From the middle of the second period on, Tampa Bay kept coming and coming and coming. They were aggressive forecheck and the Buffalo defenders were caught chasing the play. The only thing really in the way of the Lightning and a blowout victory was Michal Neuvirth.

“Jeez, I looked up at the shots one time and they were 12-10. All of a sudden, you look back up, it’s 29-10,” Nolan said. “They just had that barrage at the end of the second period, they jumped their defense. We couldn’t contain them. Their speed and their hockey intelligence really took over. They were just passing around us and doing whatever they wanted at will.

Because Tampa had the puck so often in the Buffalo zone, it was tough for the Sabres to create much of anything offensively.

“There were some shifts where their possession numbers were probably off the charts compared to us,” Drew Stafford said. “Neuvy played absolutely outstanding for us. He gave us a chance to win. Unfortunately we never even got it out of our zone to even try and score a goal for Neuvy.

"He played out of his mind and that’s the kind of goaltending we need that’s going to give us a chance. Unfortunately we couldn’t do it tonight.”

The Lightning took an early lead 3:51 into the game. Valteri Filppula lifted a backhand in tight over Neuvirth to give Tampa a 1-0 lead.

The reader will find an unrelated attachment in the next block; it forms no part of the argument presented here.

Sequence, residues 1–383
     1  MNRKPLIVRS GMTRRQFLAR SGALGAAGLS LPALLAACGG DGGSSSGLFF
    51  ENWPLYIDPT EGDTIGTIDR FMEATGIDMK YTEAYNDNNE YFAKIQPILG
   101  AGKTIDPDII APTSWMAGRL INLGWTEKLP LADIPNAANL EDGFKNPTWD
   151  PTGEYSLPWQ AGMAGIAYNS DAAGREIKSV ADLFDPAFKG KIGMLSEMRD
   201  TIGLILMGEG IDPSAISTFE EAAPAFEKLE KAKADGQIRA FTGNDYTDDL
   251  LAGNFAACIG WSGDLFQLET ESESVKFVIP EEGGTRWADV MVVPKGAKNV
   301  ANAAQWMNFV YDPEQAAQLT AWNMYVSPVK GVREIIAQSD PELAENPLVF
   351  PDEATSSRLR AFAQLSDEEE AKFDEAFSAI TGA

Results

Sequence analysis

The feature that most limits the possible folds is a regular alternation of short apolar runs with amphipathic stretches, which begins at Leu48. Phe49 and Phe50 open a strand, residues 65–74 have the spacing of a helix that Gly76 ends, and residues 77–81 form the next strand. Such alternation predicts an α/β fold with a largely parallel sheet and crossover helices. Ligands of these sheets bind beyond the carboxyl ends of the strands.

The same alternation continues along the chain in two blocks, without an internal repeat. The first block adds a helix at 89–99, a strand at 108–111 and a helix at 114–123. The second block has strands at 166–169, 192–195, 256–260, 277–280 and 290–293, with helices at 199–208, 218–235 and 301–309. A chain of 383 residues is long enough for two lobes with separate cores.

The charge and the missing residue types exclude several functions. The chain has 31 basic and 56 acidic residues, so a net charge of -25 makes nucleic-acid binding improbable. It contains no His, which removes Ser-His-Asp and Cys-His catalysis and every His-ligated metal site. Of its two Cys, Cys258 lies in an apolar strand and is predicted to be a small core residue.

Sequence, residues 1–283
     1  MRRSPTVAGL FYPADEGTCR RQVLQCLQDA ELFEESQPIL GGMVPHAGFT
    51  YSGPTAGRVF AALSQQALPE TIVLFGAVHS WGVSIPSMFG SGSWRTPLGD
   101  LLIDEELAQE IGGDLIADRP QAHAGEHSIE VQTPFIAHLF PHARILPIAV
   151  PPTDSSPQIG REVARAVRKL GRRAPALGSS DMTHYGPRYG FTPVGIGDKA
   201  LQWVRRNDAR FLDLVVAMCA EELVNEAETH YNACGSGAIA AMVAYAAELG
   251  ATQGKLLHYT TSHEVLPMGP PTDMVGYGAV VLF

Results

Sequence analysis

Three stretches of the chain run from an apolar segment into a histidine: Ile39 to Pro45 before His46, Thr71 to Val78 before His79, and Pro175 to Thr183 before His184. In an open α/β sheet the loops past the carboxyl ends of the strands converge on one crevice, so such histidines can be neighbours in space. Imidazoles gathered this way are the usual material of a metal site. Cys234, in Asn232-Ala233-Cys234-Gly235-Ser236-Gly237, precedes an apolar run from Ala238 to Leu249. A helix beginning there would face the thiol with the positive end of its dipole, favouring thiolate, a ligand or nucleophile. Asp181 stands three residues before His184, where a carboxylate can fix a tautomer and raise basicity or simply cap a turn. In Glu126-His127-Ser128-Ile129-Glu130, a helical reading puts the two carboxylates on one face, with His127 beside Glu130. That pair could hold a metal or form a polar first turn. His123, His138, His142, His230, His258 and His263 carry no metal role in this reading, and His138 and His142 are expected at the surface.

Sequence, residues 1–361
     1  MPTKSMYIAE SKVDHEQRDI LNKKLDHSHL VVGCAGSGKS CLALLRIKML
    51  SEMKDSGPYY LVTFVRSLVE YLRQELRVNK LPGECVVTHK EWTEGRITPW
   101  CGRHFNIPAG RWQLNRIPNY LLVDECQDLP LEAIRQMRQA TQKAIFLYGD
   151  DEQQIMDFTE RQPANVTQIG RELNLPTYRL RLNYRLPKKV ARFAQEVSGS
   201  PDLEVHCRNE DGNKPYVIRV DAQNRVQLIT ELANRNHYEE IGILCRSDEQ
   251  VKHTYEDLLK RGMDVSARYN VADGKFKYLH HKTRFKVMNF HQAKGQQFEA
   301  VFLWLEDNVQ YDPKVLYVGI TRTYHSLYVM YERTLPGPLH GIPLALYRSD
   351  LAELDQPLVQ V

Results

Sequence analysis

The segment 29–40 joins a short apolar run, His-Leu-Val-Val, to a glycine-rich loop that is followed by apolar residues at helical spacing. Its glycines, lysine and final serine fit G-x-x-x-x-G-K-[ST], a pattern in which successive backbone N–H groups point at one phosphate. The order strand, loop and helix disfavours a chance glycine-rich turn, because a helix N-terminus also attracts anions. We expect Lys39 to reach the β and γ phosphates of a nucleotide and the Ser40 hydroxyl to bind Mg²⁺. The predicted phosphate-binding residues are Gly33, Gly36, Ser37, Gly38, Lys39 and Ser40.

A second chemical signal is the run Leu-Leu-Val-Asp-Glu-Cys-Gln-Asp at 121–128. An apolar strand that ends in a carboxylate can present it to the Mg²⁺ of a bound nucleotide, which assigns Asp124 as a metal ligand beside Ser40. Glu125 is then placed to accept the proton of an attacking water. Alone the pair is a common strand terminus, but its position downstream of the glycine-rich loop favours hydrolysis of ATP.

Buffalo has now allowed the first goal in eight-straight games. The last time they opened the scoring was on Dec. 23 in Detroit. That was also the last game they held the lead after one period of play.

Buffalo’s penalty kill showed some urgency in the first period. They killed off two Lightning power plays in the opening frame and were forced to kill one right off the hop in the second when Tyler Myers was called for roughing as time expired in the first.

That aggressiveness paid off 50 seconds into the second when McCormick scored the first shorthanded goal of his career to tie the game. McCormick, skating all alone down the center of the ice in the Tampa Bay zone collected a pass from Kaleta along the halfwall and then sniped a shot top shelf on Ben Bishop.

It was McCormick’s first shorthanded goal of his career and his first of the 2014-15 season. The penalty kill finished a perfect 4-for-4.

“Tonight, penalty kill-wise was a step in the right direction, but we’ve got to build on it,” Kaleta said. “One game is not enough.”

Buffalo finished the road trip 0-4-0 and were outscored 17-5. Their last win on the road came on Nov. 29 in Montreal.

“We want to win. Losing is not acceptable, so whatever it takes to win, that’s what we’re going to have to do,” Kaleta said.

While on the trip, the team has had to play without the veteran leadership of captain Brian Gionta, who has been out since Dec. 21 with an upper-body injury.

“It’s wearing on everybody. That’s where we really miss a guy like Gionta,” Nolan said. “His presence in the room, his leadership, his ability to calm everyone down under situations like this when things go like that, people starting blaming and when he’s around you, he really takes the leadership role. So it’ll be nice to get him back around the team and we’ll settle this thing down.”

They’ll return home for a game Tuesday night against the Detroit Red Wings. The night will also mark the retirement of Dominik Hasek’s No. 39 to the rafters of First Niagara Center. Fans attending the game are encouraged to be in their seats by 6:45 p.m. for the pregame ceremony.